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It’s costing a lot of cash to build a hole

By Rich Glennie
In its latest effort to beautify the city, Glencoe leaders have plopped a large hole in the ground in a residential area and called it a holding pond. Impressive.
The newest ponds are part of the central storm water project, and this particular one is located at the corner of Ives Avenue and 13th Street. All the trees have been removed, the hole is being drilled under the nearby railroad tracks and the new piping will be installed forthwith.
We seem to be building a lunar landscape around the community with all our holding ponds.
Visually, one can now see all the way from 13th Street to 10th Street on Ives Avenue without fear of an obstructed view. Dang trees just got in the way anyway. The mayor’s house also can now be seen from blocks away after the foliage was removed around his property.
Looks a tad bare on that corner, folks. That could be a harbinger of what the whole neighborhood north of 13th Street/Judd Avenue might look like in the near future. Quite the beautification effort!
Normally, I do not pay much attention to the City Council’s official minutes. But in last week’s Chronicle, I noticed a couple of things from the May 7 Council meeting.
At the tail end of the minutes, after a closed meeting was reopened (without any members of the public present), the council members debated and voted 3-2 to accept an easement agreement to run the storm sewer through the St. Pius X church parking lot. The city agreed to pay up to $5,000 for the appraisal on the value of the easements.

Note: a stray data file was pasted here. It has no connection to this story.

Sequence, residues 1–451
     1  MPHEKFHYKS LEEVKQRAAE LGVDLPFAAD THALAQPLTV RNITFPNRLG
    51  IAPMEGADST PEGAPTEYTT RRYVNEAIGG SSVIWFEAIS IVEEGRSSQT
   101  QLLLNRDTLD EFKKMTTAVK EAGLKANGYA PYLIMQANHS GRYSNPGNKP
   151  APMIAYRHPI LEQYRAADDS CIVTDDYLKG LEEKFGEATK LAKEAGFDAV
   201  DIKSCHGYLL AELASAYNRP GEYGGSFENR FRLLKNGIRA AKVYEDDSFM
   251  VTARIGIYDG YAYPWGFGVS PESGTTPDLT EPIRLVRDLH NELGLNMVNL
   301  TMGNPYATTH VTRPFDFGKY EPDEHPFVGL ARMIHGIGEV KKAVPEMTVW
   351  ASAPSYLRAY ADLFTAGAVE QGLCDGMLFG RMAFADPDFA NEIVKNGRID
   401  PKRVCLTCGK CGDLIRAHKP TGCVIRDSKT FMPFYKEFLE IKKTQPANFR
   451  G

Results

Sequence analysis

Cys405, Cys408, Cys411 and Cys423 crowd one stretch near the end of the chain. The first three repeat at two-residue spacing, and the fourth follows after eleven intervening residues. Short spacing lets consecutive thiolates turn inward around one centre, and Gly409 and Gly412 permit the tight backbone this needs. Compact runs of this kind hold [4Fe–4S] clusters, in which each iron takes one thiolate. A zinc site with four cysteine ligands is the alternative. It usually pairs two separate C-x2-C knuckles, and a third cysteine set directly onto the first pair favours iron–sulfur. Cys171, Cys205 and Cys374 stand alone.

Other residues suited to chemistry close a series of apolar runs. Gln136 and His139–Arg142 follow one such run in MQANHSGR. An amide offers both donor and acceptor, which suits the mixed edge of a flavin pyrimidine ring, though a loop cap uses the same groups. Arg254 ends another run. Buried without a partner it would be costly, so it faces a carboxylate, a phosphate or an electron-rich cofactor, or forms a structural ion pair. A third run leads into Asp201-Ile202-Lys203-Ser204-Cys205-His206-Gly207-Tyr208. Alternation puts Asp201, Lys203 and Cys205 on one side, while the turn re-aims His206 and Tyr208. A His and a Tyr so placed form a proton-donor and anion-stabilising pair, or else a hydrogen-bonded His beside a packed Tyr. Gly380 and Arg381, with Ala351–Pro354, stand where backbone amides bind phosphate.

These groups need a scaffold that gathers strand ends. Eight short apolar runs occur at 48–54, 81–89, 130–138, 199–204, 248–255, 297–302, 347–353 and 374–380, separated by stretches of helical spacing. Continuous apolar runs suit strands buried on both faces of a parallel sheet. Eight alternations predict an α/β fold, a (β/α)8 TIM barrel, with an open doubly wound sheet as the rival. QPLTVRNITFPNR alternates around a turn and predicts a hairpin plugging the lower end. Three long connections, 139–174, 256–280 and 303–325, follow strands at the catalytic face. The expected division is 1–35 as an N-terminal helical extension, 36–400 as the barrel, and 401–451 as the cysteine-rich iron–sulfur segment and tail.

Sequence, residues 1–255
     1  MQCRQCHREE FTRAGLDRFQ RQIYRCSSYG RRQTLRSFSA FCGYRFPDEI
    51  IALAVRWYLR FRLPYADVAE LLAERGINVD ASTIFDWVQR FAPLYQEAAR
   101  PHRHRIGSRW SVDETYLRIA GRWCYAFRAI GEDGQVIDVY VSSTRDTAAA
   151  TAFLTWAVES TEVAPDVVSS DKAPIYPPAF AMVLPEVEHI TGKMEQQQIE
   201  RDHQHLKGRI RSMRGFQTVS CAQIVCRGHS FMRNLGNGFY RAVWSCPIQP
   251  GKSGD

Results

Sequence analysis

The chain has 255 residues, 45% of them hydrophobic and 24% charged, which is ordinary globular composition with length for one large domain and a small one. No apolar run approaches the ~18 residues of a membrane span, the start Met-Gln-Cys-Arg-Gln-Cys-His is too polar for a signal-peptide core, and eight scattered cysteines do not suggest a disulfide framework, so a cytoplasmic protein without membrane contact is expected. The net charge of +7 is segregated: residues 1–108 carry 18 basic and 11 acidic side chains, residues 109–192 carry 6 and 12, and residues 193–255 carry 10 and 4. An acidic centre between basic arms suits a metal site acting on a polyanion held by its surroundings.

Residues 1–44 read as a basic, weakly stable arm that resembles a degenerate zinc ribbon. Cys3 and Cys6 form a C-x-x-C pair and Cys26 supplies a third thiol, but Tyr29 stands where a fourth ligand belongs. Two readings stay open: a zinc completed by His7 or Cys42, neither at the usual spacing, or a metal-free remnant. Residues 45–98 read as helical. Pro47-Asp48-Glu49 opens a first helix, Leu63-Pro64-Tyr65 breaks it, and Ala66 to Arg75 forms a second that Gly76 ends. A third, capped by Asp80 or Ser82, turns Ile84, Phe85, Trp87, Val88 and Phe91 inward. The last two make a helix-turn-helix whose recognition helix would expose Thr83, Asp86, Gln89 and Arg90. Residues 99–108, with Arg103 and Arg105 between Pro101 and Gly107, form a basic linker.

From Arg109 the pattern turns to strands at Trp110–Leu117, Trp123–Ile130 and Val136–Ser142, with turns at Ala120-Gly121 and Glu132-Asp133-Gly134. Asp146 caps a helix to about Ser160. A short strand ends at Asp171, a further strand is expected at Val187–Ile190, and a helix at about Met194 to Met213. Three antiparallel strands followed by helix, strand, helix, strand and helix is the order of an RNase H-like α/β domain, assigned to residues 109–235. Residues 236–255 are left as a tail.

The second item, also on a 3-2 vote, agreed to pay $78,000 for the Arandia house needed to complete the above mentioned holding pond along 13th Street. The house had been condemned earlier. Had the city not paid that price, the project could have been held up as the city tried to obtain it in the courts using the power of eminent domain. That could have cost the city even more.
The city had already set a precedent by purchasing the neighboring Ruble house for about the same $78,000 and razing the building.
That means the city will spend about $150,000 to purchase these two dilapidated homes to construct a hole in the ground. On top of that are the demolition costs.
If that’s not bad enough, city officials may have boxed themselves into a corner.
If I understand this right, the street and storm sewer reconstruction work had already begun on Knight Avenue south of St. Pius X before the city finally got an agreement with the New Ulm Diocese on the property easement. Isn’t that starting a project before all the ducks are in order?
And isn’t it presumptuous to finally purchase a vital piece of property for the pond after the construction began? In other words, not all the pieces were in place when the project got started. Why was the city is such a hurry?
Have to wonder if this is the normal practice on city projects. Hope not.
Rich Glennie was the editor of The Chronicle for 23 years. He retired Aug. 1, 2014.